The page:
I mentioned Guy Ritchie above, and it seems that the colorful characters from the different layers of society that inhabited London in The Bank Job might have come directly from his early movies. The most decent and sympathetic turned to be the petty thieves led by Terry Leather (the role fits Jason Statham like a glove) while the owners of the stolen safe deposit boxes are mostly corrupt and despicable. Among them the members of the parliament who like to visit the fashionable London brothel, the leader of Black Power organization who keeps the compromising pictures of a member of British Royal Family in the coveted deposit box 118, and the porn-king of Soho (David Suchet) who makes the note of his every payment to the bent cops of London in the special book. Sushet, known to millions as a master of gray cells, the world famous Hercule Poirot, is here on the other side of the law. Perhaps, you won't remember this movie for its outstanding photography and spectacular scenery but as far as the level of entertainment and thrills goes, it is certainly a hit. And the big one.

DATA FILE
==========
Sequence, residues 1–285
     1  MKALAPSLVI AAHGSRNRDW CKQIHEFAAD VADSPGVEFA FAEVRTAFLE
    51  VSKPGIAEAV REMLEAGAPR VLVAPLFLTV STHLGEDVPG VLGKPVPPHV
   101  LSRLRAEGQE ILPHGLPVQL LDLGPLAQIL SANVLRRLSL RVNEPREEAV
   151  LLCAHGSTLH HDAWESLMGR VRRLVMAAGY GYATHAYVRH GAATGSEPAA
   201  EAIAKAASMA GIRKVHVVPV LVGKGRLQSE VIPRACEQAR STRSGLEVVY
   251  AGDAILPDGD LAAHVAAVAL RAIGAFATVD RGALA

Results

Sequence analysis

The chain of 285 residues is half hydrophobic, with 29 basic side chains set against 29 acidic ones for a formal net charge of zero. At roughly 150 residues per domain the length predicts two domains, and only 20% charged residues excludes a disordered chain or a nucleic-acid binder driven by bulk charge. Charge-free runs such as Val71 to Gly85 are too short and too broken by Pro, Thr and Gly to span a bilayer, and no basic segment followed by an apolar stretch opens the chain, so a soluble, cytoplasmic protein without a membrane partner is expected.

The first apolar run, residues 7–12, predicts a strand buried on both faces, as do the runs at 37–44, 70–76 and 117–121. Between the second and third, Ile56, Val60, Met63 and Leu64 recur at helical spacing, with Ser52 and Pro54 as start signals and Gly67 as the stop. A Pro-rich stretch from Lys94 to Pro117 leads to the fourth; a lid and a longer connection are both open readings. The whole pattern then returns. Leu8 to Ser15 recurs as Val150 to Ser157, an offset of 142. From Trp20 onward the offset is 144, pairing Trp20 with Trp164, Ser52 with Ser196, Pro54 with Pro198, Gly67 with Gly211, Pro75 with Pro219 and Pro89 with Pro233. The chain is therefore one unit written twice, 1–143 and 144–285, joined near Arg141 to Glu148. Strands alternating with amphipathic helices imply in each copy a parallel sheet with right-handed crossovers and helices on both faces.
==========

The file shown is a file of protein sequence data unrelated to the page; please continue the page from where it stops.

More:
3 out of 6 people found the following review useful:
It's good knowin' he's out there. The Dude. Takin' 'er easy for all us sinners.", 4 January 2015

*** This review may contain spoilers ***

Looks like while making "The Big Lebowski" (1998)– weird, nutty, outrageously funny and deliciously twisted movie, the brothers Ethan and Joel Coens, known for their unique and dry humor, sat back, laughed out loud, and had fun. "Big Lebowski" turned as one of the funniest comedies ever made. It is funny because of the incredibly off-beat characters, their weirdness, flaws, their interactions, the surreal situations they found themselves in, and perfectly written and delivered hilarious dialogs. There is the story, of course, which is based on the case of mistaken identity with the following kidnapping, villainous nihilists, vanguard erotic flying painter, the bowler named Jesus but the story is truly secondary to the delicious craziness of the movie.